John Newman, surgeon, of Kingswood, said that on the night in question the prosecutor was brought to his surgery by two men. His face was covered with blood, and he seemed in a very weak state. He must have lost a large quantity of blood. There were five wounds about the face and head. The most serious was one on the left cheek, which started between the eyebrows on the left hand side and extended down the side of the nose to the upper lip, and in one place the bone was exposed. There was another wound, which was not very deep, over the let eyebrow. Another wound commenced upon the left cheek bone and extended to the angle of the mouth. There was a small wound over the right cheek bone, and another one on the left ear. The first mentioned wound was dangerous from its position. Erysipelas did not arise, but that was the only complication that might arise from such wounds to a healthy man. The wounds must have been inflicted by a sharp instrument, and could not have been caused by finger nails. The only conclusion he could arrive at was that they were done with a knife. A fall on sharp stones could not have caused the wounds.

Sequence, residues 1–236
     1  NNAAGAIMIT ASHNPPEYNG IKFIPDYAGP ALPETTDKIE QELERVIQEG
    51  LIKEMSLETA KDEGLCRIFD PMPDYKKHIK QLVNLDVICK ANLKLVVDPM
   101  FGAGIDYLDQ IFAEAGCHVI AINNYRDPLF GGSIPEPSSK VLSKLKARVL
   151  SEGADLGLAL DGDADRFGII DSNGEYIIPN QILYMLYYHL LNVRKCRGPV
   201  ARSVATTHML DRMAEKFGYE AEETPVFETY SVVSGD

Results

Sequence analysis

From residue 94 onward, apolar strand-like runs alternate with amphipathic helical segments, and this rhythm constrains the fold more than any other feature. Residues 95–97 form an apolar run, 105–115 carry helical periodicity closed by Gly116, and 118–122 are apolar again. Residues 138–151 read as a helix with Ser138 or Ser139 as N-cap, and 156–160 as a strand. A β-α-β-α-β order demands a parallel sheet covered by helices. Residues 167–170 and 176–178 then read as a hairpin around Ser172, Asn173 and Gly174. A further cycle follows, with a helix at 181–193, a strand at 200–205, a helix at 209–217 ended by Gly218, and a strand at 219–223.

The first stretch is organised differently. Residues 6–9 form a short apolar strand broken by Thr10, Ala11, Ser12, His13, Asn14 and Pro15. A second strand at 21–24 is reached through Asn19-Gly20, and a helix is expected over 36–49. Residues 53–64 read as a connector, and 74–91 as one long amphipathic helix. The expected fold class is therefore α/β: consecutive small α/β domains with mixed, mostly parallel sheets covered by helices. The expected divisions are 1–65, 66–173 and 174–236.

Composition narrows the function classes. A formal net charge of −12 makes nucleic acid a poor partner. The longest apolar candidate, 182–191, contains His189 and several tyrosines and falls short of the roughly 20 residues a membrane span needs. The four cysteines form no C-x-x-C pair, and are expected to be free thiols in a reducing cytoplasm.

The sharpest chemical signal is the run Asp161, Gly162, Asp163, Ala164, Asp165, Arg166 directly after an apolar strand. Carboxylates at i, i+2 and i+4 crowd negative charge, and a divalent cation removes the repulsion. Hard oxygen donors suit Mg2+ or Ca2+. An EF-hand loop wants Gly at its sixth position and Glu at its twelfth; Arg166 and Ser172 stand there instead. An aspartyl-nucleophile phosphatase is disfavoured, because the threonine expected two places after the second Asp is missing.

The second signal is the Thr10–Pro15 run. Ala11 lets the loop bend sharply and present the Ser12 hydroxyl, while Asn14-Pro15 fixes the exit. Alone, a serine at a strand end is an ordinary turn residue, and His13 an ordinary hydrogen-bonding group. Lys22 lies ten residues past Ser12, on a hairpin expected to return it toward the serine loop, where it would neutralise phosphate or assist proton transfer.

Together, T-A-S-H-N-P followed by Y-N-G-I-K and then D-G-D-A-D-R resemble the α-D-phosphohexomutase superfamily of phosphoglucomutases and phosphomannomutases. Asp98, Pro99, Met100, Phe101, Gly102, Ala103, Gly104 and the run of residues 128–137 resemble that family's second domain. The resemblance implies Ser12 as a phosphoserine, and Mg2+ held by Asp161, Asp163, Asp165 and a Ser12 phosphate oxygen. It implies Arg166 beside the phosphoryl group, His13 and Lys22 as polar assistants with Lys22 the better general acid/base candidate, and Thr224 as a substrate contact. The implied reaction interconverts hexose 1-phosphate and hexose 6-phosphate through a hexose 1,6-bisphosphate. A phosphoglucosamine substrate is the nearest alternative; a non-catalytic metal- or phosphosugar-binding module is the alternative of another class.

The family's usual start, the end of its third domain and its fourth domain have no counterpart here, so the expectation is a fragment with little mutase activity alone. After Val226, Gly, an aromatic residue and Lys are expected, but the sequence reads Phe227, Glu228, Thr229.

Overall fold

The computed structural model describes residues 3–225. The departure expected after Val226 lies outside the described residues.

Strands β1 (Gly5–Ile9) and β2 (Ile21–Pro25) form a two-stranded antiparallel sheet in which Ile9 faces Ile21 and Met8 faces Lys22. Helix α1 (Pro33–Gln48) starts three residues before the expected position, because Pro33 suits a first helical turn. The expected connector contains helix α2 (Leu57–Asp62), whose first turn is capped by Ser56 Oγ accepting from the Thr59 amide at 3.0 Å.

Mr Williams - Would it not be possible for a man falling with very great force on the stones or a piece of glass to sustain these injuries?

 

Witness - It may account for the wound on the ear, but not for the wounds in the face.

 

Mr Williams - Would a sharp stone in the hands of a man be likely to cause any of these wounds?

 

Witness - It would be impossible for those in the face to be caused in that way.